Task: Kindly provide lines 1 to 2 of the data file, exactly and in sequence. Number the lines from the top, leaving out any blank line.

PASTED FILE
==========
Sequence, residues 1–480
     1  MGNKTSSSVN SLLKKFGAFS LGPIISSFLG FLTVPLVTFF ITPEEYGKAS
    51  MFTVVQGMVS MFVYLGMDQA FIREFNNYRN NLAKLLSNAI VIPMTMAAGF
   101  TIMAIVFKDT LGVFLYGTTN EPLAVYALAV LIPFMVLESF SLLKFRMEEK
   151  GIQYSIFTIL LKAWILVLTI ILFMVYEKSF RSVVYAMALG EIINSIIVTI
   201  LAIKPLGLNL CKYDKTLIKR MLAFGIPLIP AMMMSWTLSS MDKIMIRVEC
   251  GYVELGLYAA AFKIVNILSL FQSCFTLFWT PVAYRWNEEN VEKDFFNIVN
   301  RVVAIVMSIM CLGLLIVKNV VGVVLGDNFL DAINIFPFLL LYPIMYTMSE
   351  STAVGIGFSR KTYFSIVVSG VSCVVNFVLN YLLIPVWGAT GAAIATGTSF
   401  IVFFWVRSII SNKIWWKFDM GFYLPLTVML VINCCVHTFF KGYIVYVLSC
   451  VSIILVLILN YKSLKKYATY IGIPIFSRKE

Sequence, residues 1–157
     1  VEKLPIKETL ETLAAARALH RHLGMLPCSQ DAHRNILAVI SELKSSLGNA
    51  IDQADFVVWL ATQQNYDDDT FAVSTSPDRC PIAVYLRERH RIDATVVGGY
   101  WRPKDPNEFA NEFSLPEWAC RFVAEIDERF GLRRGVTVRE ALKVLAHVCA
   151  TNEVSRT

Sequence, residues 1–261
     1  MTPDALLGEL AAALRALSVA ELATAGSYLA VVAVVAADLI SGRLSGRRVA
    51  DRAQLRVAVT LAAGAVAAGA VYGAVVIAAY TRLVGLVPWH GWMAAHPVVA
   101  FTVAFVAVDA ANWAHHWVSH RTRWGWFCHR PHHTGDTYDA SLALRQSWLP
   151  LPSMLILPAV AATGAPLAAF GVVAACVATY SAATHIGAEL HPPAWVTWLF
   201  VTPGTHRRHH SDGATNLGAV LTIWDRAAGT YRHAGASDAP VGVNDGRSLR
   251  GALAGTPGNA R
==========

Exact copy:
Sequence, residues 1–480
     1  MGNKTSSSVN SLLKKFGAFS LGPIISSFLG FLTVPLVTFF ITPEEYGKAS